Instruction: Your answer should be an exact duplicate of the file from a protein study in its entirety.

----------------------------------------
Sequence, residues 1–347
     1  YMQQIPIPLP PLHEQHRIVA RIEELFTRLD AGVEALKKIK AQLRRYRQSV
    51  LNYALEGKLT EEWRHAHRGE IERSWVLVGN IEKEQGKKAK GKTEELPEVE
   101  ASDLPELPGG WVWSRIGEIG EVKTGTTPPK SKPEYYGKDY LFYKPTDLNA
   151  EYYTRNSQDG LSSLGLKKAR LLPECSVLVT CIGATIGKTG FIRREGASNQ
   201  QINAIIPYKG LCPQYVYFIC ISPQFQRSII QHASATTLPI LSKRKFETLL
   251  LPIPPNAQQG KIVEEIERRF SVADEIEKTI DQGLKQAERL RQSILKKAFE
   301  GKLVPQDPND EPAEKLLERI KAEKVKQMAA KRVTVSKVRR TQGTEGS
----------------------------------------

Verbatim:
Sequence, residues 1–347
     1  YMQQIPIPLP PLHEQHRIVA RIEELFTRLD AGVEALKKIK AQLRRYRQSV
    51  LNYALEGKLT EEWRHAHRGE IERSWVLVGN IEKEQGKKAK GKTEELPEVE
   101  ASDLPELPGG WVWSRIGEIG EVKTGTTPPK SKPEYYGKDY LFYKPTDLNA
   151  EYYTRNSQDG LSSLGLKKAR LLPECSVLVT CIGATIGKTG FIRREGASNQ
   201  QINAIIPYKG LCPQYVYFIC ISPQFQRSII QHASATTLPI LSKRKFETLL
   251  LPIPPNAQQG KIVEEIERRF SVADEIEKTI DQGLKQAERL RQSILKKAFE
   301  GKLVPQDPND EPAEKLLERI KAEKVKQMAA KRVTVSKVRR TQGTEGS